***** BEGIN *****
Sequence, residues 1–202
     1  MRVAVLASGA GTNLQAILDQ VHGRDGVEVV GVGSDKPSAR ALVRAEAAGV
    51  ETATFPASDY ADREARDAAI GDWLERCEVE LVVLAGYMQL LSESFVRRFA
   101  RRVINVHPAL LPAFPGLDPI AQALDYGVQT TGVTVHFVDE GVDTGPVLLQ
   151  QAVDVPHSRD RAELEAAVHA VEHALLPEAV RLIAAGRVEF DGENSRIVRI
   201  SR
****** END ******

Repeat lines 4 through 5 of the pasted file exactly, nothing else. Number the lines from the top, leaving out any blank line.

   101  RRVINVHPAL LPAFPGLDPI AQALDYGVQT TGVTVHFVDE GVDTGPVLLQ
   151  QAVDVPHSRD RAELEAAVHA VEHALLPEAV RLIAAGRVEF DGENSRIVRI